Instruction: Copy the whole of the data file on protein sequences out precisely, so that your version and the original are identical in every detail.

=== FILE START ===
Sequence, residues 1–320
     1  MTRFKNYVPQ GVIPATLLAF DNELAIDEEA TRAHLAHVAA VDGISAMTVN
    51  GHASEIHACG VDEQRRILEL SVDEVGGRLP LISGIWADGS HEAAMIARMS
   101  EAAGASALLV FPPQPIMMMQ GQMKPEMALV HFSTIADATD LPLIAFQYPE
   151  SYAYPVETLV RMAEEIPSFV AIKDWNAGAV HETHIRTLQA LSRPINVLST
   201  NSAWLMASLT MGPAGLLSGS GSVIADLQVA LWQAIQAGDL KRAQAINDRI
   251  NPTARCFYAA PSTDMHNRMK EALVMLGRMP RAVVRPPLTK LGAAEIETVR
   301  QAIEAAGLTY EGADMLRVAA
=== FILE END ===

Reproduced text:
Sequence, residues 1–320
     1  MTRFKNYVPQ GVIPATLLAF DNELAIDEEA TRAHLAHVAA VDGISAMTVN
    51  GHASEIHACG VDEQRRILEL SVDEVGGRLP LISGIWADGS HEAAMIARMS
   101  EAAGASALLV FPPQPIMMMQ GQMKPEMALV HFSTIADATD LPLIAFQYPE
   151  SYAYPVETLV RMAEEIPSFV AIKDWNAGAV HETHIRTLQA LSRPINVLST
   201  NSAWLMASLT MGPAGLLSGS GSVIADLQVA LWQAIQAGDL KRAQAINDRI
   251  NPTARCFYAA PSTDMHNRMK EALVMLGRMP RAVVRPPLTK LGAAEIETVR
   301  QAIEAAGLTY EGADMLRVAA